1. Having a treadmill kept me training after having my kids. I don’t think I could have done it without one! It will be way less stressful for everyone if you can run on your own without having to rely on your husband. With my third, it was winter and I had more kids than fit in the BOB. I managed though. I had a little travel swing next to the treadmill and when the big kids napped I stuck her in the swing and she’d watch me until she fell asleep and then I’d rock out my run and was able to keep an eye on her (she wouldn’t nap in her crib until she was 7 months!) I really got to like my treadmill after the kids – before that I was pretty much a die-hard run in any type of weather person. Not anymore 🙂

      (Also, get the carseat adapter for the BOB if you can – so worth it! You can run with the baby as soon as you can run after delivery!)

  7. A fan.
    One of the things that bugs me about running on a treadmill or riding an indoor trainer is that I’m working hard but not going anywhere. I’ve found that having a fan not only keeps me cool, it also makes it feel more like I’m moving.

    1. Yes, a fan definitely helps! It also helps keep you from overheating and keeps the air circulating to help evaporate the sweat, which can really accumulate without one. Ew! Thanks for that tip!

  8. There’s just one thing that bothers me about treadmills. The biomechanics of running on a treadmill are a little bit different than “real” running. So, if you do a 10 miler on a treadmill, do you have confidence that you have done the equivilent of a 10 miler outdoors? Or do you walk away from your treadmill feeling like you haven’t obtained a “real” workout?

    Also, I wonder if anyone has had success in a particular race, perhaps got a PR or a BQ, having done the bulk of their training on the treadmill. In other words, does the treadmill provide a workout that is close enough to an outdoor running workout to where it can prepare you for a big race if most of your workouts are on the treadmill?

    1. All right, that was glib. But seriously, Google “Christine Clark marathoner from Alaska.” I also trained for Boston and ran a PR there doing most of my midweek workouts on the treadmill because I trained through the busy season at work and couldn’t get outside in a safe place before dark. And you know, more important than any of that, I would not give my readers advice to do something that didn’t work or was “running” rather than real running!

      Anyway, you should go jump on a treadmill, run 10 miles and report back with your findings 🙂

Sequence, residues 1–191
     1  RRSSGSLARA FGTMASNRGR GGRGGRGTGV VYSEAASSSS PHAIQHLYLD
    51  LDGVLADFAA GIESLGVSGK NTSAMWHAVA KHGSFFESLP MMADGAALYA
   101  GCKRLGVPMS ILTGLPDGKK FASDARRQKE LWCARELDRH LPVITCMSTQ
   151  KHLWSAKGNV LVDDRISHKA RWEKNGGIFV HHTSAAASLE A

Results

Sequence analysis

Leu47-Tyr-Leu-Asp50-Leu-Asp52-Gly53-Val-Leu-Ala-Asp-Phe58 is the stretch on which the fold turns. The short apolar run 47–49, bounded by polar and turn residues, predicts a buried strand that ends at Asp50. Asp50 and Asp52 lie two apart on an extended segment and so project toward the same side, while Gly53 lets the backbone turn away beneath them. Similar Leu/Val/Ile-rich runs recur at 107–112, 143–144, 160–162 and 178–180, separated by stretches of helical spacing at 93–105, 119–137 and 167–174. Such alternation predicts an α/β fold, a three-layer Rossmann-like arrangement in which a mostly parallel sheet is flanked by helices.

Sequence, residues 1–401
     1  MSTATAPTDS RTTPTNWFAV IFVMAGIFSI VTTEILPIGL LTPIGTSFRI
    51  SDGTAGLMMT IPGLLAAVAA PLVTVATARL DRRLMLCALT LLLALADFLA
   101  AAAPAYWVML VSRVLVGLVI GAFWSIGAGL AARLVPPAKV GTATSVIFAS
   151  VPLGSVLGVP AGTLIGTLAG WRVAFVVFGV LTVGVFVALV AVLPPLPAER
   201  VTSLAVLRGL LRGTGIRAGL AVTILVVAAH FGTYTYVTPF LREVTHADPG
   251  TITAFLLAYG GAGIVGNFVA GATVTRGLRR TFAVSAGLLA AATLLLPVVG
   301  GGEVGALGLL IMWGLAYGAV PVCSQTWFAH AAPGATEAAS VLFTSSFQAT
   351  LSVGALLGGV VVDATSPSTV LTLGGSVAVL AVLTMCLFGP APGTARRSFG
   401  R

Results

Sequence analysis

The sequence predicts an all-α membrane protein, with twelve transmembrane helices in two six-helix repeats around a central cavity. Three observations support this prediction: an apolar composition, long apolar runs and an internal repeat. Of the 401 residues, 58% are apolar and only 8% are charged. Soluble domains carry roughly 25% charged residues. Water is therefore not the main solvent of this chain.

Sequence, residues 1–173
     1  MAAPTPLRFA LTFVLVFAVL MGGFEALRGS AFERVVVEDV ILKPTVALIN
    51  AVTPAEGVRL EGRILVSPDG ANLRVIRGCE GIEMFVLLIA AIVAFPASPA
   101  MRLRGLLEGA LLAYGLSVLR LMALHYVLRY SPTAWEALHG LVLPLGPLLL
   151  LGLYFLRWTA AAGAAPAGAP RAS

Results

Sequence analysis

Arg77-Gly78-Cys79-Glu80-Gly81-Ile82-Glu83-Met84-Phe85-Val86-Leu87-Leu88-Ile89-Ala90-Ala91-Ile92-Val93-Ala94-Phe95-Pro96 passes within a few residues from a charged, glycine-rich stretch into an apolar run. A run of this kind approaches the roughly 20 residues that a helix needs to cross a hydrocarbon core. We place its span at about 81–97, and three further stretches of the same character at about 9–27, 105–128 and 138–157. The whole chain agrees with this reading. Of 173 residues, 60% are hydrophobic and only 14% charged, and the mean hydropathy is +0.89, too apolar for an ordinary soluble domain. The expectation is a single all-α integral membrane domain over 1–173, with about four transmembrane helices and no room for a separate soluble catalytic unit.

9. Spiral – Last year I trained almost exclusively on my TM for RnR Arizona. During a 6 week training block I think I was able to run outside a total of 3 times due to nasty weather. I nabbed a PR in the half, and attribute it to being able to practice race pace more consistently on the treadmill than running outside with Garmin.

    1. Janet,

      Between your comment and Salty’s comment above, I am now convinced that a runner could, if they needed to, rely entirely on the treadmill and perform at a high level on race day. I did google Christine Clark and her story was inspiring.

      I’ll keep this in mind this winter if Indianapolis is not suitable for outdoor running. Usually there’s a stretch of a week or two where I have to run on the treadmill. It’s good to know there’s an alternative to Yak-Traks.

        1. Salty,

          It was raining outside as I got off of work, so I figured I would run on the treadmill at the local YMCA.

          But I just couldn’t do it. Instead I ran in the rain at my favorite Indiana State Park. Some of us are predawn runners. Some of us are into Salty running. People like me are addicted to State Park running.

          Back in January of this year, when the snow had covered the nearby State Park, I ran on the treadmill at the local YMCA for two weeks. Nothing too strenous mind you. Just light running, enough to maintain conditioning until the snow melted and I could get back to running in the Indiana State Park. Then I dug my Yak-Traks out of my closet. They hadn’t been used since I had moved here from Colorado several years ago.

          But I think you requested something a little different, right? Those LSD runs on the treadmill back in January don’t count. You think I should do some 5k pace intervals on the treadmill or a tempo run perhaps? And then report back? I could. But I think it would be a pretty boring report. At least I know that if the winter here in Indianapolis is similar to the one last year, I don’t have to worry about my training suffering because I chose the treadmill over the Indiana State Park.

          The deer and the squirrels would miss me though.

          1. From your earlier comment it sounded like you had never run on a treadmill and believed it wasn’t “real” running, so I suggested you try it before you knock it and let us know what you thought of it. If you don’t need to run on the mill and don’t want to, that’s fine! For some of us, it’s a really useful tool that helps us get the training in when we otherwise might not. If you’re not in that boat, than there’s no reason to try it if you can get in all your runs without it. That being said, if you do try it I would advise against speed work until you really get a feel for it. And after that, I’d maybe try a progressive run or at most a tempo before doing really hard running on it. Regular old runs are all you should do on it to start.